[Taxacom] the hurdle for all biodiv informatics initiatives
s.thorpe at auckland.ac.nz
Wed Feb 24 23:26:29 CST 2010
I disagree even less frequently with the Don, but what I said was:
'In N.Z., probably 95% or so of all (not just known, but ALL) terrestrial species [excluding micro-organisms] in the wild are in collections, but many still unrecognised in bulk samples etc. The problem is that many of them are only represented in collections by insufficient material, but until we know that, we don't know what to TARGET in the field, and so we just end up collecting more and more bulk samples full of the common taxa ...'
Hence, I was talking specifically about N.Z., where habitats are relatively stable. Australia (and elsewhere) might be different. I believe that in the neotropics, it is difficult to find the same species twice - every sample contains completely new ones.
At any rate, though, I still see problems with a "field first" approach. I think Don doesn't quite see what I mean. What I am seeing happen in NZ entomology, is just more and more money spent on field trips (with or without helicopters!), collecting more and more bulk samples from the same old places, and nobody spending much time to pick through them except for a few very targetted taxa - but they have no idea how many of these are already in collections because nobody has sorted through the historical stuff!
Don says >I regarded my job as being as much about getting good samples into our cabinets as describing what was there already
I agree, if you mean fully sorting and curating at least a reasonable proportion of what you are collecting, but not just filling shelves in some dark corner with more and more boxes of bulk samples, many of which start deteriorating quite quickly ...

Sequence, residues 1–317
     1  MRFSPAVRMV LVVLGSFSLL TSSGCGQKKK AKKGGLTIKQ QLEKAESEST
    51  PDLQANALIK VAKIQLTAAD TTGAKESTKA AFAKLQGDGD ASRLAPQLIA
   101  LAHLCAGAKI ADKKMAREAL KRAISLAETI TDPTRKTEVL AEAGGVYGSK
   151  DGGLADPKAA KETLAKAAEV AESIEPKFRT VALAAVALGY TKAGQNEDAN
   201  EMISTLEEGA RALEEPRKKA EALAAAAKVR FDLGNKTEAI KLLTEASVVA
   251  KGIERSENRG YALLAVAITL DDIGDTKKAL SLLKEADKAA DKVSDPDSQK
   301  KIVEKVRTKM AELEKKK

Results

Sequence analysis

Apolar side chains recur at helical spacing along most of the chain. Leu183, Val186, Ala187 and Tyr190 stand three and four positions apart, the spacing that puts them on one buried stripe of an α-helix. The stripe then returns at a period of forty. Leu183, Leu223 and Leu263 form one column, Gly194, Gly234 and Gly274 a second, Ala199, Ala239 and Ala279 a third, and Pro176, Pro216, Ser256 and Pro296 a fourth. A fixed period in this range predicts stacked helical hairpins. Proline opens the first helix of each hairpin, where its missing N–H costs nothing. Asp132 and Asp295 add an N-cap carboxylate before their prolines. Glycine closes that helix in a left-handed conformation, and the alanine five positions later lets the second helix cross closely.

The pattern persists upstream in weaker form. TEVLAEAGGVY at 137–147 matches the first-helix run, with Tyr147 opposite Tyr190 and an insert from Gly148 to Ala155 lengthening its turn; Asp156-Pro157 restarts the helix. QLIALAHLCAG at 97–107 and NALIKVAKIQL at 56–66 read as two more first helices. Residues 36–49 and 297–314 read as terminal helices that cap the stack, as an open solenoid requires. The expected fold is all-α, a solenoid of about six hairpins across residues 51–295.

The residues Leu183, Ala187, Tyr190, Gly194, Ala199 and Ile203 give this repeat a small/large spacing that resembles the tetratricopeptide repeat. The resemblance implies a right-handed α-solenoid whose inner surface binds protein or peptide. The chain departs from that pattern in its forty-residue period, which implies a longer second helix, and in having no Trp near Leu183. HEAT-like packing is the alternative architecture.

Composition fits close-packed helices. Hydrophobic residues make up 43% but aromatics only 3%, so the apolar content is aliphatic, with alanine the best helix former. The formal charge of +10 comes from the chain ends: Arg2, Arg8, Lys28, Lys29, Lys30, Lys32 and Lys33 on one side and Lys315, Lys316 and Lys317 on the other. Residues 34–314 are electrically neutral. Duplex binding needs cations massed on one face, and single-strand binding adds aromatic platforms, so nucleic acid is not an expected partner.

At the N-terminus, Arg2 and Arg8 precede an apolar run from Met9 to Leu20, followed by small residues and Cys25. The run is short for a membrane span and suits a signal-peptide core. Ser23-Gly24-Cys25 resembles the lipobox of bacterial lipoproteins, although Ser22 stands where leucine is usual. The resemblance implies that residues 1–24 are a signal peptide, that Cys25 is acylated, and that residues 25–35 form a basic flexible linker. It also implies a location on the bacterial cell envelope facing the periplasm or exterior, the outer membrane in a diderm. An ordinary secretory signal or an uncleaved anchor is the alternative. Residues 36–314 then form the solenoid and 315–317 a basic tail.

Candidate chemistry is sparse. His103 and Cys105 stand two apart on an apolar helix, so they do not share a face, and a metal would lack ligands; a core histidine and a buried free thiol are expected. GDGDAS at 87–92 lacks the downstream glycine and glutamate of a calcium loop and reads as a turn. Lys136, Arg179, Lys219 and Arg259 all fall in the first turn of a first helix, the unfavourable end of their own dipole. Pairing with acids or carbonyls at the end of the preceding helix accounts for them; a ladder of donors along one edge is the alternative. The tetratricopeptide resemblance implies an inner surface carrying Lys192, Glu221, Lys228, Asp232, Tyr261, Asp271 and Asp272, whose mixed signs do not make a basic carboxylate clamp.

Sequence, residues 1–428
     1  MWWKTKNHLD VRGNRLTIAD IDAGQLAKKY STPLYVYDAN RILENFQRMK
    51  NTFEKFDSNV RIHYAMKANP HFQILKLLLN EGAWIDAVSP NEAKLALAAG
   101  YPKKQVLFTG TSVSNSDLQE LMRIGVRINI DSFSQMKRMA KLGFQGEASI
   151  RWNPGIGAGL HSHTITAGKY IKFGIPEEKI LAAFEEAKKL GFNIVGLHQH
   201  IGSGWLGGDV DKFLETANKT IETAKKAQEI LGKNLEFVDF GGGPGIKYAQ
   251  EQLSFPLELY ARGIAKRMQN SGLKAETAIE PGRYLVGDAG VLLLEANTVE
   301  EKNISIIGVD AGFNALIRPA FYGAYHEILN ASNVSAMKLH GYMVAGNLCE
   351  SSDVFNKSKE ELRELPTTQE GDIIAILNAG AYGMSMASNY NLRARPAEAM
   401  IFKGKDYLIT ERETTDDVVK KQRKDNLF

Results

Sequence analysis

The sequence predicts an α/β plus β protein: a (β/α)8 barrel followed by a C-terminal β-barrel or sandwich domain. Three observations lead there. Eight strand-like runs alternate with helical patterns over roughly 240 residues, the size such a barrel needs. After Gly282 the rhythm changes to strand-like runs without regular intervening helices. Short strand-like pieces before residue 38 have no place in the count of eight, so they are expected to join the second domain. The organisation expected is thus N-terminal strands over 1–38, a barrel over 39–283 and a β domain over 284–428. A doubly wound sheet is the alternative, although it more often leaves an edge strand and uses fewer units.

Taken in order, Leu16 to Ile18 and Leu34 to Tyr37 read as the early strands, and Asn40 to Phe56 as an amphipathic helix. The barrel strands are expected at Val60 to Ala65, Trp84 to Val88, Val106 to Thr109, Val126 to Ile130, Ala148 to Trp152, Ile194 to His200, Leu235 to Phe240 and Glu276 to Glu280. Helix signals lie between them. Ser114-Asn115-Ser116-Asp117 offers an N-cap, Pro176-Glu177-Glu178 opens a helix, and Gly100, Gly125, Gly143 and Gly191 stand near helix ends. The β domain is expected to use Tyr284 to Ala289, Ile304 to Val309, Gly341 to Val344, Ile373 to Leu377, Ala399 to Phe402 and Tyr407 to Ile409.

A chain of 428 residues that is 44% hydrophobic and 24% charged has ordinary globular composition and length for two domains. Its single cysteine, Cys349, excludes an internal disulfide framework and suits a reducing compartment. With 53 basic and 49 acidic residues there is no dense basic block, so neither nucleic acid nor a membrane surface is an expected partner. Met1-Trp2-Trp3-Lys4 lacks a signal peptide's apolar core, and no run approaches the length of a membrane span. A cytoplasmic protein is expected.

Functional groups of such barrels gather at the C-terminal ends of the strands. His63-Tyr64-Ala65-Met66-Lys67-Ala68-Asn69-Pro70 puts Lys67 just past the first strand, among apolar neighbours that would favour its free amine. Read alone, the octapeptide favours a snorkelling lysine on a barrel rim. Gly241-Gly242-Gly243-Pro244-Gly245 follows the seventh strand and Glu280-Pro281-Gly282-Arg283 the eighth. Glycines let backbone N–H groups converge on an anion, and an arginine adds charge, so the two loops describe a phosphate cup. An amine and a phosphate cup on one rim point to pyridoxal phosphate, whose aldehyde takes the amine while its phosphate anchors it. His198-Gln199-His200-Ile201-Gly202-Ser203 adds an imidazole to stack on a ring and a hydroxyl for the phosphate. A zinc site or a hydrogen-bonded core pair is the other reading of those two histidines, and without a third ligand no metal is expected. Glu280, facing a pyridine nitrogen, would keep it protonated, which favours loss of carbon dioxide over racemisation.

From: Don.Colless at csiro.au [Don.Colless at csiro.au]
Sent: Thursday, 25 February 2010 5:07 p.m.
To: Stephen Thorpe
Cc: taxacom at mailman.nhm.ku.edu
Subject: RE: [Taxacom] the hurdle for all biodiv informatics initiatives
I don't often disagree with Stephen, but a lot depends on the state of local collections. While a CSIRO Dipterist, I spent a lot of my working time on just plain collecting, in the near certainty that much habitat would soon disappear and with it the fauna - as witnessed by the species collected, say, in southern sclerophyll forests in the 1930's, that can no longer be found anywhere. I regarded my job as being as much about getting good samples into our cabinets as describing what was there already. I could not, of course, resist putting on record some of the stranger elements of our fauna!
Donald H. Colless
CSIRO Div of Entomology
GPO Box 1700
don.colless at csiro.auRichard:
tuz li munz est miens envirun
From: taxacom-bounces at mailman.nhm.ku.edu [taxacom-bounces at mailman.nhm.ku.edu] On Behalf Of Stephen Thorpe [s.thorpe at auckland.ac.nz]
Sent: 24 February 2010 16:21
To: Richard Pyle; Rees, Tony (CMAR, Hobart); jim.croft at gmail.com
Cc: Taxacom at mailman.nhm.ku.edu
Subject: Re: [Taxacom] the hurdle for all biodiv informatics initiatives
Richard Pyle said:
'Taxonomists are so poorly funded these days, that I'd rather see them (us) spend their (our) precious little time in the field (like I was this morning, on a Fijian reef), than waste their time sitting at a computer (like I am right now).'
Well, actually, I'd like to see them spending more of their (paid) time DOING TAXONOMY, which may or may not involve the field (there are plenty of undescribed taxa already in collections ...)
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